71 Dead In Chapecoense Soccer Team Plane Crash
A Brazilian soccer team ended their season in a tragic way when their plane came crashing down last night.
The aircraft fell from the sky around 10:15 pm and killed 71 people.
The initial number of fatalities was higher, but Colombian aviation authorities adjusted the figure after confirming fewer people were onboard than first thought.
Among the initial survivors were three members of the Brazilian soccer team — Alan Ruschel, Danilo Padilha and Jackson Follmann — but Danilo, the team's goalkeeper, died soon after in the hospital.
Before their flight came to a horrific end in the remote mountains of Cerro Gordo, Colombia, Ruschel and Padilha took eerie Snapchats of themselves aboard the plane.
In the snaps, the players reportedly told their fans, "We're coming to Colombia."
Unfortunately, they never made it to their destination.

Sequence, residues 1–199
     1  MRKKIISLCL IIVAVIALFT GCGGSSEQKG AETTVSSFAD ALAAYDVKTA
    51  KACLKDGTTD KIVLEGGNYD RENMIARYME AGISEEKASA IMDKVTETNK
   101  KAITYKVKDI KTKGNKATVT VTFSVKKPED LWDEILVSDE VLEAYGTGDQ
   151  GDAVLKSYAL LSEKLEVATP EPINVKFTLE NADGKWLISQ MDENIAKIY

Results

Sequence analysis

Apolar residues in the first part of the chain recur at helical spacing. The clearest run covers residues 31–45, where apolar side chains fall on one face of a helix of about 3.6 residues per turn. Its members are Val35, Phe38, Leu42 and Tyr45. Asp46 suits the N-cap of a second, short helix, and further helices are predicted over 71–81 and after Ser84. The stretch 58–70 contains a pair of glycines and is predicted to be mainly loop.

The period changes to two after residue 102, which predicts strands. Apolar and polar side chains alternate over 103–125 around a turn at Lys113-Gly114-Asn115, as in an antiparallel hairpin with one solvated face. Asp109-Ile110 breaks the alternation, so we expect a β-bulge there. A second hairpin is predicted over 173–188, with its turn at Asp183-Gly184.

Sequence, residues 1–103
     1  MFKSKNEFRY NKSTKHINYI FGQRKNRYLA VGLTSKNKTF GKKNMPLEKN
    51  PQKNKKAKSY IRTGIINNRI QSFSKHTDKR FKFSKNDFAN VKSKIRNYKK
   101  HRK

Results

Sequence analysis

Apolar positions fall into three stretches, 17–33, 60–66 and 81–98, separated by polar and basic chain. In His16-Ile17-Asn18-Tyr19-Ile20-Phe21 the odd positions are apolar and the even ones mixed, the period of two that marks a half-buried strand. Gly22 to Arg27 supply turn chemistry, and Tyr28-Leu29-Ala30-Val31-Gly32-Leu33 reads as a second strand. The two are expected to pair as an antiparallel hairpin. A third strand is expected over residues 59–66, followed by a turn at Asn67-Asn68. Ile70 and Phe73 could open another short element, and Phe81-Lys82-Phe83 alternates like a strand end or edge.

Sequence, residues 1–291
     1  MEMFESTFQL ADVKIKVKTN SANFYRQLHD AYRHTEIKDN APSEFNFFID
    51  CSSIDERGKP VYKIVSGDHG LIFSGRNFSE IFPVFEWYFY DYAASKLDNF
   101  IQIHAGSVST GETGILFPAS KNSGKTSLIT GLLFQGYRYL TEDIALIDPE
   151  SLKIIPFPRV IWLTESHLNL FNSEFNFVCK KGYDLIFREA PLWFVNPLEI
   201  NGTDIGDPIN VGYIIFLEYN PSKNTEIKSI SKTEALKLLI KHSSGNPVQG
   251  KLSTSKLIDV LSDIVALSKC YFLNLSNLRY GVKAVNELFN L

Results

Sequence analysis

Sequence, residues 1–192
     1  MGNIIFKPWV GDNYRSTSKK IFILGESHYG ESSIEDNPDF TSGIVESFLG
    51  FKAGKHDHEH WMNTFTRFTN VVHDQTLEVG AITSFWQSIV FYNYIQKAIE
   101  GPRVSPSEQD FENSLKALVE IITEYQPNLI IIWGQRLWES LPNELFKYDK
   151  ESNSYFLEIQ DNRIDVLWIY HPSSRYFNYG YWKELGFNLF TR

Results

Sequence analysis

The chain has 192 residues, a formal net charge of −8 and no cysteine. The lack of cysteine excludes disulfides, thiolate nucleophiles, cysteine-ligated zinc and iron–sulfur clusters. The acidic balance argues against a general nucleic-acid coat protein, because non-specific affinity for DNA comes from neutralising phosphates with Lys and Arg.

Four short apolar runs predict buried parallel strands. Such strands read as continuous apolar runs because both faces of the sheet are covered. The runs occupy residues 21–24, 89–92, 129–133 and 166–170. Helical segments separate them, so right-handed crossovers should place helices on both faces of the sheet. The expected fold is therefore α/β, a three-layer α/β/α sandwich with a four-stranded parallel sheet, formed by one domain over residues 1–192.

It's been reported the Avro RJ85 plane was en route to Medellin, Colombia, for an important game in the Copa Sudamerica tournament final.
Apparently, the team was in the middle of a "fairy tale" season before their plane was demolished in the mountains after leaving Bolivia.
According to The Guardian, the aircraft was suffering power failures mid-flight, and never landed properly after allegedly being given priority to land.
The plane reportedly broke in two after smashing into a hill just five minutes away from their destination.
Chilling, I know.
The surviving soccer players were taken from the wreckage in what appears to have been a difficult rescue mission.
Local radio stated foggy weather conditions made it difficult for rescuers to see more than a few feet in front of them.
Federico Gutierrez, Medellin's mayor, spoke with Blu Radio and said, "It's a tragedy of huge proportions."
In addition to Chapecoense team members, there were also a number of sports journalists and sports commenters on the nightmarish flight.
There were six reporters from FOX sports and three reporters from Brazil's main Globo TV channel.
The team members were allegedly told to board the damaged aircraft instead of taking a charter plane as they originally planned after the request was rejected by Brazil's civil aviation authority, Anac.